Many diseases commonly associated with aging are now thought to have social and physiologic antecedents in early life. Understanding how the timing of exposure to early life risk factors influences later-life health may illuminate mechanisms driving adult health inequalities and identify possible points for effective interventions. Recognizing chronic diseases as developing across the lifecourse also has implications for the conduct of research on adult risk factors for disease. We review alternative conceptual models that describe how the timing of risk factor exposure relates to the development of disease. We propose some expansions of lifecourse models to improve their relevance for research on adult chronic disease, using the relationship between education and adult cognitive decline and dementia as an example. We discuss the important implications each of the lifecourse conceptual models has on study design, analysis, and interpretation of research on aging and chronic diseases. We summarize several research considerations implied by the lifecourse framework, including: advantages of analyzing change in function rather than onset of impairment; the pervasive challenge of survivor bias; the importance of controlling for possible confounding by early life conditions; and the likely heterogeneity in responses of adults to treatment.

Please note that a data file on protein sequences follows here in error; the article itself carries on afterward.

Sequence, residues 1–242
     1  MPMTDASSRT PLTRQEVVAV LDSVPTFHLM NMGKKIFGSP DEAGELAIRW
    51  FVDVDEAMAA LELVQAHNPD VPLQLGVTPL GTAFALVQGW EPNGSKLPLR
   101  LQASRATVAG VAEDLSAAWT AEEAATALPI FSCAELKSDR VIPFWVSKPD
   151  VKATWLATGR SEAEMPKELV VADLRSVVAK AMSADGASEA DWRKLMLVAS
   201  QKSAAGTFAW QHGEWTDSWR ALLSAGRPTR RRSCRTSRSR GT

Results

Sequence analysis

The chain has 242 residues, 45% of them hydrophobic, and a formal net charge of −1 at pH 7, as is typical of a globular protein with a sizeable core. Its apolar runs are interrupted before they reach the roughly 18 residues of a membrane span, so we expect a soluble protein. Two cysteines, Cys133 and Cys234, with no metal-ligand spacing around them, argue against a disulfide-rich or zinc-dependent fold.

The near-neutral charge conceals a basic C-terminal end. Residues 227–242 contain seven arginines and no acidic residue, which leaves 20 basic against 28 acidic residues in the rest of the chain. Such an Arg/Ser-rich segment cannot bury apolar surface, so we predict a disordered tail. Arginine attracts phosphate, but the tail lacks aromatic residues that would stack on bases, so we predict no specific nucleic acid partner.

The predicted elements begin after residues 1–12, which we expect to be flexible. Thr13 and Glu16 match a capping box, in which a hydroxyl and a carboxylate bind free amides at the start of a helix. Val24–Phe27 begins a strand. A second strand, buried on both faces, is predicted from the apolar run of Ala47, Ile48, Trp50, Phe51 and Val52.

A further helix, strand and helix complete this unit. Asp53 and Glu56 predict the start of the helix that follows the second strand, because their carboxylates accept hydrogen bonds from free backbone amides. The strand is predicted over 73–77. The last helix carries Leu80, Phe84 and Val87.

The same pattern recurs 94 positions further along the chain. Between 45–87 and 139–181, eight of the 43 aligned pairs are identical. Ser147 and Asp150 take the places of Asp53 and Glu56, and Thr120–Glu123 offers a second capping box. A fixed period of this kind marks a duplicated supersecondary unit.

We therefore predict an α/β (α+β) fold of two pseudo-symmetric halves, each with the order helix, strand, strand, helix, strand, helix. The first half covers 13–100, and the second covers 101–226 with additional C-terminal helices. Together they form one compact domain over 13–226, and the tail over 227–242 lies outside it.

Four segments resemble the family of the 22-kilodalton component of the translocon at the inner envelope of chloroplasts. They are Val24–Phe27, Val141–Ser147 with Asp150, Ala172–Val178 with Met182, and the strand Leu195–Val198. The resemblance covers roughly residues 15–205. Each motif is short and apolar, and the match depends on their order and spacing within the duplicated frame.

- Chronic disease
- Lifecourse epidemiology